In the Local Stories and Results session, we will describe monitoring results from TNC’s Port Susan Bay project in an Ignite presentation, sure to be an informative and engaging crowd-pleaser. And we will present a poster titled New Tools for a United Front to highlightseveral new ideas and projects that TNC is working on. These include: TNC’s and the University of Washington’s “Outside Our Doors” publication, which synthesizes 40 years of research on benefits of nature in cities; tools for exploring flood risk and coastal resilience; a spatial assessment that answers the question how much agricultural best management practice implementation is needed and where is the best place to put it to get the strongest environmental outcomes; and the effects of polluted stormwater on coho salmon and promising solutions for treatment.
In addition to sharing our work and hearing from others, we look forward to the inaugural Billy Frank Jr. plenary, the keynote by Dr. Roberta Bondar, Canada’s first female astronaut and the world’s first neurologist in space, the art show, a reception at the Vancouver Aquarium and the First Nations/Tribal Dinner.
For me, this will be my third time attending this conference. Every year I find it recharges and inspires me. All day for three days, there’s non-stop presentations, poster sessions and great conversations over coffee with my colleagues, many that I’ve known for years but don’t see on a daily basis. Our work is often messy, and so complicated that I often get lost in the details… but this conference always reminds me of the big picture and how lucky I am to live and work in the beautiful Salish Sea.
Look for tweets from the team next week as we share highlights from the meeting!
Connecting with the community on the Olympic Peninsula
Written and Photographed By Byron Bishop, Board of Trustees Chair, The Nature Conservancy in Washington
There is no substitute for hands-on experience. As the incoming board chair for The Nature Conservancy in Washington I hear an awful lot and talk an awful lot about the environmental challenges our state is facing and the ways in which this organization is tackling them. But a recent trip to the Olympic Peninsula gave me an up-close view of the issues, allowed me to meet vital partners and inspired me to work even harder to build success for people and nature in this critical region.
I was privileged to spend time with leadership from both the Makah Tribe and the Quinault Indian Nation. Each of them is uniquely connected to the lands and waters of the region, and each plays a big role in assuring the health of forests, rivers, coast, and ocean. We greatly value our partnerships with the Makah and Quinault, which are built on shared values and goals. For example, one area of mutual concern is the threat of an oil spill. I toured the only oil skimmer at Neah Bay and learned that there is no capability for handling a large spill. Together we are working to diminish the risk of spills and increase our ability to respond, preventing environmental devastation. After productive meetings with each tribe, we look forward to deeper partnerships.
The region is part of a larger system along the Emerald Edge from Washington through British Columbia and up to Alaska. On this trip I learned more about the strategy of transforming forest practices across this region. In each area there is a different primary tactic: In Washington we will use changing ownership structures. In British Columbia, it is about changing how tenure works and empowering First Nations. In Alaska, we must transition industry from old growth to second growth. With a high level vision of transformation, we have the versatility to create the most powerful solutions for each area.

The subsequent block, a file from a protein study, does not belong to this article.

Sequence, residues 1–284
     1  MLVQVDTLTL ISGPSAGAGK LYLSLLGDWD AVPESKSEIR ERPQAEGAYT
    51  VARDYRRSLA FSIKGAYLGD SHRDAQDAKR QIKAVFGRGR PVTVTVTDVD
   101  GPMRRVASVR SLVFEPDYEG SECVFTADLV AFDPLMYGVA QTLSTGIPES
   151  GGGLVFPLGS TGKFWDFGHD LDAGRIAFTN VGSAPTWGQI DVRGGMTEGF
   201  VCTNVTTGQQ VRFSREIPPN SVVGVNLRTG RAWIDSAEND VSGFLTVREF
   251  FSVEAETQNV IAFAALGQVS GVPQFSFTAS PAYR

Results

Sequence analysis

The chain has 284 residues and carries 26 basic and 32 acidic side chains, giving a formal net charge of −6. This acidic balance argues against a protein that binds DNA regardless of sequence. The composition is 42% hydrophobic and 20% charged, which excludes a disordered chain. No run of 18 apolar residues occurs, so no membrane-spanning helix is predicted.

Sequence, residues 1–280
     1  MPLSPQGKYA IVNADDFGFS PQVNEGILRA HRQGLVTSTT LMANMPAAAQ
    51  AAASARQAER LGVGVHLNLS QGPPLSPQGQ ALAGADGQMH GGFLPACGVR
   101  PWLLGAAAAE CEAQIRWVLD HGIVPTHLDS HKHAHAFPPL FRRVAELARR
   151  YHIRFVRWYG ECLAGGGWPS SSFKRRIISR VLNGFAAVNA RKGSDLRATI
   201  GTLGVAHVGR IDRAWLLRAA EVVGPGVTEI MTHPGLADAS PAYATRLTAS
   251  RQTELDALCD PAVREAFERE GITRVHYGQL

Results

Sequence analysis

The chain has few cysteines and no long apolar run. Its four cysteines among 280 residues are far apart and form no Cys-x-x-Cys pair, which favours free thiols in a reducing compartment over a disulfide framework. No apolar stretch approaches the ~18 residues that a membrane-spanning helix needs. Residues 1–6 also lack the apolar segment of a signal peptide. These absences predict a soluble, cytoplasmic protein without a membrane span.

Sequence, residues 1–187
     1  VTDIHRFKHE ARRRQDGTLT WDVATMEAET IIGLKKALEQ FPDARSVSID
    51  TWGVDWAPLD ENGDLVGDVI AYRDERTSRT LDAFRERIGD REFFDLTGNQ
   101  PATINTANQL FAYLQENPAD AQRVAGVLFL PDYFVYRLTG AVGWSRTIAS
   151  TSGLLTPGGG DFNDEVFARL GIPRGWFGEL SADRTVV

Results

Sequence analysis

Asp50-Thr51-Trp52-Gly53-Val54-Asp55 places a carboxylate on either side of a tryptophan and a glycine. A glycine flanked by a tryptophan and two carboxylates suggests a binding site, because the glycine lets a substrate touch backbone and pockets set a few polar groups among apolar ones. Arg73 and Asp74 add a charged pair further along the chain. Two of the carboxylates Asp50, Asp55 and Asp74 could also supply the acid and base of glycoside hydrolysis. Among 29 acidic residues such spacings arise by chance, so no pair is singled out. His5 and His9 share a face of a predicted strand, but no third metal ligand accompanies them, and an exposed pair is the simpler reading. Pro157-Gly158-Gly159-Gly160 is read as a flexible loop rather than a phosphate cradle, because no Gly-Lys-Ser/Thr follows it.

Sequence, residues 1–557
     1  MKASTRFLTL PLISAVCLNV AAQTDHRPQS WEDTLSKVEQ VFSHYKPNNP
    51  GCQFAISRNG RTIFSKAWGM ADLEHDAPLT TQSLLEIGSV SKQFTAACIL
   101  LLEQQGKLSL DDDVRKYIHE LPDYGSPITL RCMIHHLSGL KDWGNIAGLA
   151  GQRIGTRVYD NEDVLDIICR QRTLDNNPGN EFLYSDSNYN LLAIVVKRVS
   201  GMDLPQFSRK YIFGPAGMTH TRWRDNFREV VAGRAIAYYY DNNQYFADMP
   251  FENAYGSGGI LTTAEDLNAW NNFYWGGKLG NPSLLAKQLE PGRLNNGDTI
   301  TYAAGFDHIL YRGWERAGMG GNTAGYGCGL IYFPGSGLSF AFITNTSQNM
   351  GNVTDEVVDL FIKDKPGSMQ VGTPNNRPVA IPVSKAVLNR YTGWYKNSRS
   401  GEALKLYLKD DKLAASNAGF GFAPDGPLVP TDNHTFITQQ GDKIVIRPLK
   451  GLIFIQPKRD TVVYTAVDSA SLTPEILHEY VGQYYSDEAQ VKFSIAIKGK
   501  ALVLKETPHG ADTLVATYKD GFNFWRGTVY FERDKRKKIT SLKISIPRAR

No trip to the region is complete without talking salmon. The iconic fish thrives where there are healthy forests and rivers, so their well-being is a very good indicator of how the system is doing. I witnessed several positive signs: Along Hurst Creek, a tributary of the Clearwater on Conservancy property, I saw engineered log jams that will be added to the creek to create spawning habitat. Along the Clearwater, a recent Conservancy acquisition, I saw property that has great potential to become prime spawning habitat, with your support. Our work to increase salmon productivity in places where salmon once flourished is an important piece of a much larger plan, and satisfying to witness first-hand.
Every trip on behalf of The Nature Conservancy leaves me inspired, and convinced we are making a large and positive impact on our state. This trip reminded me of the complexity of dealing with multi-faceted issues in a wild and treasured place.
More than 3,000 acres will increase the protected area along the Hoh River
Written by Megan Sheehan, Senior Editorial Manager, Digital
Photography by Bridget Besaw
They say fish have short memories, but the salmon in Washington State will remember the newly protected 3,000+ acres in Washington State for a long time. 3,184 acres along the Hoh River – extending from Olympic National Park to the Olympic Coast National Marine Sanctuary – are now protected for people and nature.
This new protected area creates a 32-mile corridor of critical and protected habitat for a variety of species, especially the trees and salmon, which in Washington grow faster than anywhere else in the world. This work builds on what the Hoh River Trust has been doing to ensure these lands, waters and creatures can thrive and grow for future generations.
All the Conservancy’s land on the Washington Coast continues to be open to public and tribal use for hunting, fishing, traditional gathering of plants and medicines, boating, birding, hiking, and other coastal outdoor activities.
Saves like this bring us hope for the future, and show that when we all work together, we can accomplish things greater than ourselves. Read more details about the Hoh River acquisition.